Discover the different career paths on offer – Track, Signalling, Electrification and Plant, Overhead Lines and Telecoms.
They're all critical to the running of our network and will give you a career that lasts much longer than your three years on the scheme.
Here, some of our apprentices talk about their experiences of the scheme, from the training to living away from home.
"I applied for the Network Rail scheme because it's a great opportunity to gain valuable qualifications and train at the same time, knowing that I will be moving towards a great, prosperous career.
"I was always interested in engineering and wanted to continue to gain more qualifications but didn't want to go to university. I wanted to learn and get paid at the same time and an apprenticeship offered just this. Network Rail was my chance to get involved and move forward in my career.
"I was attracted by the opportunities and challenges that Network Rail offers, which range from BTEC units to a chartered engineering degree, which is my personal goal. And the company benefits are unquestionably worthwhile too.
"Currently based at a depot, I have been involved in ballast regulating, sleeper changing, rail replacement, lifting and packing and also rail adjustment. All these tasks are covered by the permanent way (track) department. Carrying out such tasks gives me great work experience, whilst developing the skills required to become an engineer.
"Here at the depot, I'm enjoying being part of Network Rail more than ever. I've learnt so much in the short period of time that I've been with the company, from theoretical (NVQ and BTEC) and practical knowledge to learning how to develop teams."
Arran is an assistant track maintenance engineer based in Preston, supporting the track maintenance engineer to manage 130 staff across the technical team and surveying design inspectors. He chose Network Rail as he wanted to pursue an apprenticeship that stood out from the rest with the potential to progress as much as possible in his career.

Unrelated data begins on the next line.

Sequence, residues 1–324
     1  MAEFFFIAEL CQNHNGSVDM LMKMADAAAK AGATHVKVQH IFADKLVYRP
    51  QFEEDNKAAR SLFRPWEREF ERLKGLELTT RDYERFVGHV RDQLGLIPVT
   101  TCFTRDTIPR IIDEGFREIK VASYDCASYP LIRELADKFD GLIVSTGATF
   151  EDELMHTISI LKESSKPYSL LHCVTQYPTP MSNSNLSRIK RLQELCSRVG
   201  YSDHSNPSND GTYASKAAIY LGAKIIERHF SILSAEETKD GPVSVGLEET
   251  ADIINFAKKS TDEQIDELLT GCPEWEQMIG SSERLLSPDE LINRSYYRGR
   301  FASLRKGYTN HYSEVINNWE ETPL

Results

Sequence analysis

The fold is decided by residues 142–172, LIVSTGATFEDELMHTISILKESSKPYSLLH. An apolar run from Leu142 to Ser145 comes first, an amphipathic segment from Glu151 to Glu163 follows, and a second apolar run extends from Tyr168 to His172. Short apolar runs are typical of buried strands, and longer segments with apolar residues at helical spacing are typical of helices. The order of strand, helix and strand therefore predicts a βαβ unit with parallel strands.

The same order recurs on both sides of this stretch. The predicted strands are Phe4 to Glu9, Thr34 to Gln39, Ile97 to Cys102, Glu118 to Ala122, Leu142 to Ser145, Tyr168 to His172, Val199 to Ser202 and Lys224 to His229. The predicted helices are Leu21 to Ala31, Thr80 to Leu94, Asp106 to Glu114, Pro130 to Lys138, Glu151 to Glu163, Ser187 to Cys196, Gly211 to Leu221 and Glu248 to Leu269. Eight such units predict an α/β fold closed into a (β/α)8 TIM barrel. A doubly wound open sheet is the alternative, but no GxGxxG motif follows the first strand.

He shocked his parents by choosing an apprenticeship as he’s academically capable (A* student) and so deciding not to go to university was a surprise to them – he’s passionate about reversing this opinion of apprenticeships as it’s the best decision he feels he’s ever made.
As a section manager, Arran was part of a team who met targets early to reduce delays on the Glasgow to London route when speed restrictions were holding up passenger journeys, he also played a huge part when an embankment collapsed at Adlington station. He stayed on site for 20 straight hours with a team of 20 people to reopen the route, which is a crucial line for commuters heading into Manchester’s Victoria station.
Arran has been really pleased with the level of training provided by Network Rail. Two courses that stand out for him include a Safety Leadership Course and a Management Course which taught him streamlined processes, based on the Toyota management model.
His highlights working for Network Rail include being selected as a STEM Ambassador – Arran speaks to students at local technical colleges and assists aspiring engineering professionals – and having presented to Network Rail’s Exec.
Arran said about Network Rail’s Apprenticeship Programme, “Apprentices are a force to be reckoned with. While some people may be held back with a lack of opportunity in the workplace, Network Rail is the total opposite – its apprenticeship programme is a serious route into employment where you can progress and choose your own path.”
"I was part of the first group to be dedicated to overhead line engineering.
"A typical working day involved walking trackside, inspecting the overhead equipment from the ground. These patrols often covered quite a few miles, so it helped to keep me in shape. But to be honest, you can't really do much more than patrol during the day, so the time we got most done was at night. That's when we would isolate the supply earth and get up among all the equipment to see if anything needed attention. It's great in the summer, not so great in the winter. But we just got on with it in most weathers, because it's a job that has to be done.
"The Network Rail apprenticeship is exactly what I expected it to be – hard work, challenging and lots of fun."